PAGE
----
I know, I said I'd never speak of this jacket muslin again but wonderful commenter Phyllis has alerted me to a potentially huge issue with muslin 5. Remember overfit territory? Well, all of those drag lines I worked for an hour to remove on the jacket back were probably a sign of necessary ease - for when the shoulders are inserted.
Thanks to her advice, I inserted one shoulder (I used the bias strip easing method which worked beautifully) and everything fit was once again wonky. Now I've got to start all over and figure out how the pieces need to go together - AGAIN. All of this (and late-stage insertion of shoulder pad - thanks for the reminder Taran!) has fucked with the bust height. And, I think, obviated the need to cut off the tapered inch on the side front armscye. You did read this correctly. I suspect my 6 hours of work yesterday was for naught.
Honestly, I'm in a vortex of "I have no freakin' idea of what to do next." I have to assume though, if I just keep doing things, something will work. At times like this I think of my great aunt Jean who was a fancy seamstress and house designer for Saks (I believe that's where she worked) in NYC in the heyday of the mid century era. She learned her craft in Italy, where she was born in the early 1900s. (She used to make me the most perfect doll clothes when I was a young girl.) Jean would window shop at all of the chicest shops (so the stories go) and sometimes go into those shops to try on insanely expensive dresses (New Look, anyone?) and then go home and impeccably recreate those garments. She wore them well as she was beyond slender. Sadly, in later years she could barely eat because of a myriad of stomach problems and surgeries, likely foreshadowed by her youthful, stylish slimness.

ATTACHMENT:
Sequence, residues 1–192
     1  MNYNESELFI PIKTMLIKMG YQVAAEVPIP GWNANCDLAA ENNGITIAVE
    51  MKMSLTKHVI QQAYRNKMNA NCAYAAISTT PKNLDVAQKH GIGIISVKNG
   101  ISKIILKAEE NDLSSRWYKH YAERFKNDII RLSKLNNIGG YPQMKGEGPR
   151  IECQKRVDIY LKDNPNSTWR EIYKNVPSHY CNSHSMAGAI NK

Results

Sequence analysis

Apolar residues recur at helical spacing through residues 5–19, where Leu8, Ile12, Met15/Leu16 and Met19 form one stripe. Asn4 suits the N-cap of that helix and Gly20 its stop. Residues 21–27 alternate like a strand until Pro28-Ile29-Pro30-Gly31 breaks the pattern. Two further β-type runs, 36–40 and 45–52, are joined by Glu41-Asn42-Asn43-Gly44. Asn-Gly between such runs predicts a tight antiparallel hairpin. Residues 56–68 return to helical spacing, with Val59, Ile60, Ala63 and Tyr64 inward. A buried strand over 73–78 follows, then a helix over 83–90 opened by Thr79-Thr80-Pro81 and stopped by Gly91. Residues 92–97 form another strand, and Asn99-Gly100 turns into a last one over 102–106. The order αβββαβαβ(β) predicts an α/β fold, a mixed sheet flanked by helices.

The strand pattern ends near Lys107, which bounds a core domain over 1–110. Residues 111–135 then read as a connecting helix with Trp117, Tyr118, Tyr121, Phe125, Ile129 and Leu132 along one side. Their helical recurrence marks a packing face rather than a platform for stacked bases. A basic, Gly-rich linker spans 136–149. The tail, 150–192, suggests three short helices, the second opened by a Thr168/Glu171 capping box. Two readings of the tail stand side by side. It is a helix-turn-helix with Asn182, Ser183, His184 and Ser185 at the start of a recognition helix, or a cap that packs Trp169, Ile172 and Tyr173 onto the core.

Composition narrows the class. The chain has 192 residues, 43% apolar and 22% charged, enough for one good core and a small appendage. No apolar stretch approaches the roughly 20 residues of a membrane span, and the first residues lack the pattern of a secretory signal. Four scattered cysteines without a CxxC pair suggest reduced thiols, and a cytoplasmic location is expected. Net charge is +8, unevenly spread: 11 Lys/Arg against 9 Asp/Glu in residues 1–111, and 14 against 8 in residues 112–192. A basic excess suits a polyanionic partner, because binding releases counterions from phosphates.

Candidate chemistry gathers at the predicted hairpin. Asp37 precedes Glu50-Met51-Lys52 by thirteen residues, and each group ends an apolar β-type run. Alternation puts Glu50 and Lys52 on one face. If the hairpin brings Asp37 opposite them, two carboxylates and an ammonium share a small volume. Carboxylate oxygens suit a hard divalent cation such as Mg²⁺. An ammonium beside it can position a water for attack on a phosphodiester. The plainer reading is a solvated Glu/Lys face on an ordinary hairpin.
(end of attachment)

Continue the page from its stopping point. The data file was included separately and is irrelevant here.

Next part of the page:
I only knew her in those later years when the ravages of time and life circumstance had taken over. I wish I'd been able to have some meaningful discussions about sewing and tailoring with her. Sometimes, now, I have imaginary conversations with the only pedigreed sewist (to my knowledge) to whom I am related.
Though I didn't know her well, she has given me a great deal: confidence, ephemeral support and an awareness that I am part of a continuum, that this is something I can do because it's in my blood. The people who come before us show us what we're made of. And given that we all go back more than a thousand generations, imagine what is in all of us to be accomplished.